Anchorage, Alaska: Shawn Steik and his wife were forced from a long-term motel room onto the streets of Anchorage after their rent shot up to $800 a month. Now they live in a tent encampment by a train depot, and as an Alaska winter looms they are growing desperate and fearful of what lies ahead.
A proposal last week by Anchorage Mayor Dave Bronson to buy one-way plane tickets out of Alaska’s biggest city for its homeless residents gave Steik a much-needed glimmer of hope. He would move to the relative warmth of Seattle. “I heard it’s probably warmer than this place,” said Steik, who is Aleut.
But the mayor’s unfunded idea also came under immediate attack as a Band-Aid solution glossing over the tremendous, and still unaddressed, crisis facing Anchorage as a swelling homeless population struggles to survive in a unique and extreme environment. Frigid temperatures stalk the homeless in the winter and bears infiltrate homeless encampments in the summer.
A record eight people died of exposure while living outside last winter and this year promises to be worse after the city closed an arena that housed 500 people during the winter months. Bickering between the city’s liberal assembly and its conservative mayor about how to address the crisis, and a lack of state funding, have further stymied efforts to find a solution.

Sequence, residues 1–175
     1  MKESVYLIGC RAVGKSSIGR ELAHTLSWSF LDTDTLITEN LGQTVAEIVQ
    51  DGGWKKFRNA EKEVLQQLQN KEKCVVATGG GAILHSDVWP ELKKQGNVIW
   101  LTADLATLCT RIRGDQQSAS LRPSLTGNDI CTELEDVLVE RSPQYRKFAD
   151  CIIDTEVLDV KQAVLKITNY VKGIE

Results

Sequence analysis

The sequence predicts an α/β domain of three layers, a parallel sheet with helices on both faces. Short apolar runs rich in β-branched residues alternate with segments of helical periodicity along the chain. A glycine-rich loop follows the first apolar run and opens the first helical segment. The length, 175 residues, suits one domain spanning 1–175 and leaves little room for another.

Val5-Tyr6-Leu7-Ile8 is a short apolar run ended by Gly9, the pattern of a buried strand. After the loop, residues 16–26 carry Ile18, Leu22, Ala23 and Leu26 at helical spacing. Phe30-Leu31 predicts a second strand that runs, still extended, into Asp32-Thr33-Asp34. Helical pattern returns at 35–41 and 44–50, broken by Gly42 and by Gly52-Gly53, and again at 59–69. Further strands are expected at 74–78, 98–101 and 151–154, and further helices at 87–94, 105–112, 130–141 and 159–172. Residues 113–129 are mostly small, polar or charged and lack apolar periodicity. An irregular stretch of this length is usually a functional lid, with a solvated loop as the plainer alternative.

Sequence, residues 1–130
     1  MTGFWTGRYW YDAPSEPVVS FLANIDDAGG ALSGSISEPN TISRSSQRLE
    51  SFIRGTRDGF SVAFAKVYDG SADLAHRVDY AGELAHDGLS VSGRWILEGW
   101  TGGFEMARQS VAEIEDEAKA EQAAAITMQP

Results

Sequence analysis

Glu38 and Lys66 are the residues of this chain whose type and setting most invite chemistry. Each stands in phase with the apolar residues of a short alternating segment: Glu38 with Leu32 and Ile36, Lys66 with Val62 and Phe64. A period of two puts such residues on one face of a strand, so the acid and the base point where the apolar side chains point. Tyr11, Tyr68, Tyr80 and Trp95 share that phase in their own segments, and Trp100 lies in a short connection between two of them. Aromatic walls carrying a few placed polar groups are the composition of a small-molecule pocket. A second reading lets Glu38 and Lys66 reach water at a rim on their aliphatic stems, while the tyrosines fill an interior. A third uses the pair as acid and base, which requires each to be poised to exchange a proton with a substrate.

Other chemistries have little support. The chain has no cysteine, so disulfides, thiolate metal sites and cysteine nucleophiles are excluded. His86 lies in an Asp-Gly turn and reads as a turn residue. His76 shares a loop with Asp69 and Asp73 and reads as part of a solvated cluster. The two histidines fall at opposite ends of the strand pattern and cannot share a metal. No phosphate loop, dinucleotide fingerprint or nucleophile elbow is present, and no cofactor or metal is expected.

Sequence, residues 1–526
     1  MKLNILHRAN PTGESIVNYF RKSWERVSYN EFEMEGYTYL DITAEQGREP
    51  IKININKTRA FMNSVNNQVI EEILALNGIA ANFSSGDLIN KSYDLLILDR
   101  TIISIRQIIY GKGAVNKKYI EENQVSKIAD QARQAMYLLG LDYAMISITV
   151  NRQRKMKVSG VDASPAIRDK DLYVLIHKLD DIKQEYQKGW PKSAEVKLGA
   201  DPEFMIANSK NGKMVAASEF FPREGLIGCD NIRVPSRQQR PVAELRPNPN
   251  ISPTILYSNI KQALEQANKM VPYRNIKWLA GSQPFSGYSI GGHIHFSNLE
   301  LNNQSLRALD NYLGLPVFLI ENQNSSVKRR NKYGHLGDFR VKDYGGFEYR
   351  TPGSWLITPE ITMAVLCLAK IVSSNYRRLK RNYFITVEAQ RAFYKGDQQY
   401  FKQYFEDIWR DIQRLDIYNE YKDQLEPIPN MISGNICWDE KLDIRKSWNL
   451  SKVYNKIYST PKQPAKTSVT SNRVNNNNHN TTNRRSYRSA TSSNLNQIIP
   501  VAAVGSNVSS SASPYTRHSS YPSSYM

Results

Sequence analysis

With winter fast approaching in Alaska, it’s “past time for state and local leaders to address the underlying causes of homelessness — airplane tickets are a distraction, not a solution,” the American Civil Liberties Union of Alaska said in a statement.
About 43% of Anchorage’s more than 3,000 unsheltered residents are Alaska Natives, and Bronson’s proposal also drew harsh criticism from those who called it culturally insensitive.